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COMMENTARY

Unity against coercion

12:24 AM April 24, 2017

There can be no discounting the importance of the challenges that confront Southeast Asia today. This week, as Asean leaders converge in Manila for the 30th Asean Summit, the evolving difficulties in the South China Sea will unavoidably be in the backdrop. The report that the Chinese Coast Guard fired shots at Filipino fishermen in the Spratlys, if validated, shows that coercion is alive and well in the South China Sea disputes.

Confident as we are in the promise of friendly ties, the fruits of cooperation can only be reaped if the parties in the disputes do their share to avoid conduct that escalates tensions. We have an equal responsibility in maintaining the stability of the region: exercising restraint, upholding our commitments, following the law, and, always, acting in good faith. So far, the Philippines has done its part vis-à-vis these measures.

In addition to working for the overall principle of maintaining peace, many of us also ask about the quality of the peace that is achieved. A peace that comes from a policy of silent acquiescence, that reflects
only a political desire for friendship and not the strategic protection of our patrimony, is not the peace that we should be promoting. Moreover, there is more at stake than simple economic exchange; at stake is the law that responsible countries follow and the overarching system that promotes mutual respect between states.

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Incidents that show one nation scaring us away from our resources should be our greatest concern. Coercion is a typical tactic of power relations—the resort of those who do not have the law on their side. Worse, such incidents are used to build a specter of war in our minds, to frighten us from standing on the universal principles that must guide us forward. Neither Southeast Asia nor China wants war, and none of us can afford it. War is not on the cards, but if enough people pretend it is, that can be used to rationalize our silence. This is a tragic submission to coercion.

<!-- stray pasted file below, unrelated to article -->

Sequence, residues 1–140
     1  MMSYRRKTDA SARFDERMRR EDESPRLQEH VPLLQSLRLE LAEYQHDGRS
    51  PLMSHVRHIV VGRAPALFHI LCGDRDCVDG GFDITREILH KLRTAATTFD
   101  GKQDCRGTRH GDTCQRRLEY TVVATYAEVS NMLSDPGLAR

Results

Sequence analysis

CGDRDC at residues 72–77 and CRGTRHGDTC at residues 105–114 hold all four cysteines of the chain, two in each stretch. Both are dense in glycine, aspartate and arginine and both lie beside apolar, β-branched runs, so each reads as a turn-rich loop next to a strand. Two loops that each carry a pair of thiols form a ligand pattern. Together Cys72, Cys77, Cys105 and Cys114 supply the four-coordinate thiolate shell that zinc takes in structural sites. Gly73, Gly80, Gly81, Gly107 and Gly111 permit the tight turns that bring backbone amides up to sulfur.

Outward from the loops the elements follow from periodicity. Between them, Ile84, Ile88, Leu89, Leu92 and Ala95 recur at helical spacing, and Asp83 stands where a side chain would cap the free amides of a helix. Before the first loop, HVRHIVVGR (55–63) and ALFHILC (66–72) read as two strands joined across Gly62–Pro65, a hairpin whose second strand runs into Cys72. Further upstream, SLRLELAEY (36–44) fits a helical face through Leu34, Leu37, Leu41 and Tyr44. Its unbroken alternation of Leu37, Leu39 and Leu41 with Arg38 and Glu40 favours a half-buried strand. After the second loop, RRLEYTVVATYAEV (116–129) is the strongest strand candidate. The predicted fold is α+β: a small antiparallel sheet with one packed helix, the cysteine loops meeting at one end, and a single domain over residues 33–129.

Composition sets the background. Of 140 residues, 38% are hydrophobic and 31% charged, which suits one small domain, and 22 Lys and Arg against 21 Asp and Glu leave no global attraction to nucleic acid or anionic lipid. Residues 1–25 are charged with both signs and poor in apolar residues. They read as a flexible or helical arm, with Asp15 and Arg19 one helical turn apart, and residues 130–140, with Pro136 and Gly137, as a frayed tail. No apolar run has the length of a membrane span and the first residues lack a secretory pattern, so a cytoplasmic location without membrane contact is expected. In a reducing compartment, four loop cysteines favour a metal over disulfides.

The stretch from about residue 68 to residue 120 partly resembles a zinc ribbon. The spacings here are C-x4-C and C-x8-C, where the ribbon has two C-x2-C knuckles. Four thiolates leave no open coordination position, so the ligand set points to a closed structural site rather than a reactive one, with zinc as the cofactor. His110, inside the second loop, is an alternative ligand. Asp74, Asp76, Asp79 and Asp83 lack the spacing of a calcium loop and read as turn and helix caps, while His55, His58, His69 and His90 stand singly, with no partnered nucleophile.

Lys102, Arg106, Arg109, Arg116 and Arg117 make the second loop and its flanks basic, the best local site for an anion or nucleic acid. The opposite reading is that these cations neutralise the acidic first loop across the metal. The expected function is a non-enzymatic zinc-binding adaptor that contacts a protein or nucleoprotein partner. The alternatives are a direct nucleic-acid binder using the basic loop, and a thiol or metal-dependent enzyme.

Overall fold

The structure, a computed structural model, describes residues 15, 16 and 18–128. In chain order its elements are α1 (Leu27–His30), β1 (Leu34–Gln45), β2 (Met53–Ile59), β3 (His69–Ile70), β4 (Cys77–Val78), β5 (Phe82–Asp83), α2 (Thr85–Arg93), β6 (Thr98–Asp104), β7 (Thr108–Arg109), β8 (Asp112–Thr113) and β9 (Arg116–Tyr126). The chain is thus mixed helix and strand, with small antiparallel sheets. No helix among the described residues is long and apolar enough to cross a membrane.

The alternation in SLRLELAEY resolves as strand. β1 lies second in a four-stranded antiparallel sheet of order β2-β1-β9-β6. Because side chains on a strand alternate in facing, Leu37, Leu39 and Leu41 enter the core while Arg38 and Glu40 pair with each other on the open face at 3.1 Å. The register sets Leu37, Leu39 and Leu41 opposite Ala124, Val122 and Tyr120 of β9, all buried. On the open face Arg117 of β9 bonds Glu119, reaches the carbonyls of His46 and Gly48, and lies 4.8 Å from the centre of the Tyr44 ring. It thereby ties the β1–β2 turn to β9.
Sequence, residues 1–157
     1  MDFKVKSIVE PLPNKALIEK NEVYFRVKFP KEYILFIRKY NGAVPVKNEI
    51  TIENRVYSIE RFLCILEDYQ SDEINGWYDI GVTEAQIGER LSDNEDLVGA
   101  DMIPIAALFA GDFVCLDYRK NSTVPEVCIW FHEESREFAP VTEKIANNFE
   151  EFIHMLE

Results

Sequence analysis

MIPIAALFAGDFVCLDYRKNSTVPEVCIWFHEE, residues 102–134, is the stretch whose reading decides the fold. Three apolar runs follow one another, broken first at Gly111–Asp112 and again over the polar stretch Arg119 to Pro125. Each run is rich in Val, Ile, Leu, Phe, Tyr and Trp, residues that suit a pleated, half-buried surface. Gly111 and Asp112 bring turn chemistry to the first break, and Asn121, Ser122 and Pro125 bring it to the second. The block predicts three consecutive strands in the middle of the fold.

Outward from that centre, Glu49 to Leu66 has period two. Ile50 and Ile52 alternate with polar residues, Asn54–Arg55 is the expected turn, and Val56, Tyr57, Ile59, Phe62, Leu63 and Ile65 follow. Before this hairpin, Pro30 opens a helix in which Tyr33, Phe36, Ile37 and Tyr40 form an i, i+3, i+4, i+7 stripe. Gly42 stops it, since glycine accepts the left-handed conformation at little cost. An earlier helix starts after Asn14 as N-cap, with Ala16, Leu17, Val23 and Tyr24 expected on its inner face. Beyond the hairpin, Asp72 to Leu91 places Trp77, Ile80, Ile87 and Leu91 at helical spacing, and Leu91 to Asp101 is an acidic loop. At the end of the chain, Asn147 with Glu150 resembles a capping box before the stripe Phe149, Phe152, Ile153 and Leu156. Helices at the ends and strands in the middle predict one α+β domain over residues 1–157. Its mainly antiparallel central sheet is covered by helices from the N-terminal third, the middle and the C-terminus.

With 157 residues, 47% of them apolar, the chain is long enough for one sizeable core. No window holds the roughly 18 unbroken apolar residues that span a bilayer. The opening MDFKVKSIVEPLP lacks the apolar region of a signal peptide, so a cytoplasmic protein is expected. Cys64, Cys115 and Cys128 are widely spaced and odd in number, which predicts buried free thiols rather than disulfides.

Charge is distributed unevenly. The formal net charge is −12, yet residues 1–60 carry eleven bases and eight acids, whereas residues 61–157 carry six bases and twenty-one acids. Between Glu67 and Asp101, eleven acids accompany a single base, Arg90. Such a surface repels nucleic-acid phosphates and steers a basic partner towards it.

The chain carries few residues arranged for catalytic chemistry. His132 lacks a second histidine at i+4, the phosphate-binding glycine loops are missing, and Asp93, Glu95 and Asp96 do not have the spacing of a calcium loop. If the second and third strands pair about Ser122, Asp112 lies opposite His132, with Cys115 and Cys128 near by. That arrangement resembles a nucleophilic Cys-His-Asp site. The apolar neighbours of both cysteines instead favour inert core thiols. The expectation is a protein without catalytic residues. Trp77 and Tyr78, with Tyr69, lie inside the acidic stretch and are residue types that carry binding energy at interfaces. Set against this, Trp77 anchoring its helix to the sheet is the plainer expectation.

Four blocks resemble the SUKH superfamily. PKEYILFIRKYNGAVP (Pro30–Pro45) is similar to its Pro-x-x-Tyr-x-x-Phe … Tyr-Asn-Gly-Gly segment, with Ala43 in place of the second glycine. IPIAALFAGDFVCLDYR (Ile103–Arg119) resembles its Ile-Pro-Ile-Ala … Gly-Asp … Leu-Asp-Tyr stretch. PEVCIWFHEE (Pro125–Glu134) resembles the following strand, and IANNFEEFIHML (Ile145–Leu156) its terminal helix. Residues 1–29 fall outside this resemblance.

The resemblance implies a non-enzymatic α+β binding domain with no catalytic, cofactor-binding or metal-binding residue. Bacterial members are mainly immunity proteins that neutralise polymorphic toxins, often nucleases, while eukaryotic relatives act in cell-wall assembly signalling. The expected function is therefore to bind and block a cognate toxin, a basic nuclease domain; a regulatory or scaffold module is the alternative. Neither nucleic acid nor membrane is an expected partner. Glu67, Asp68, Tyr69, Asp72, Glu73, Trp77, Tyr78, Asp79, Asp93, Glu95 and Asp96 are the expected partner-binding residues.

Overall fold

As chair of Asean in its 50th year, the Philippines has a unique opportunity to turn the spotlight on Southeast Asia’s most pressing challenges. No stranger to the difficulties in the South China Sea, the Philippines is seeing new evolutions to its trials. In light of these, the Philippines must continue to take pains to uphold its sovereign rights and defend its national interests against unlawful or unilateral action.

Nine months after the country’s success at the Permanent Court of Arbitration in The Hague, the government has taken on the task of working with fellow claimants and Asean members to finalize a framework for the long-awaited Code of Conduct in the South China Sea. Thus far, however, the administration has not taken the opportunity to reaffirm the award or address its significance to the region and the rules-based order from which Southeast Asia has benefited.

When the Permanent Court of Arbitration issued its ruling, the award was not made to our administration; it was made to this country and its people. It is not something to “move on” from; it is something to celebrate and use as leverage for the region as a whole. On the matter of the award, no country can stand more firmly on this than we can. Moreover, as chair of Asean this year, no country can show more leadership than we can. We must ensure that the award is not only acknowledged but also integrated in and married with the principles that will be included in the framework Code of Conduct.

As Asean leaders descend on Manila this week, the best that they can give us is a sign of their unity on the future of Southeast Asia. The whole of the region must be united in speaking up about these challenges, not in burying our heads in the sand. Our hope is that in the coming weeks and months, the whole of the region can unite in finding a constructive way forward. This way must insist against coercion, against unlawful action, against militarization, against unilateralism, and against a form of international relations that undermines the shared interests of our Southeast Asian nations.

Dindo Manhit is president of Stratbase ADR Institute.

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TAGS: 30th Asean Summit, South China Sea disputes
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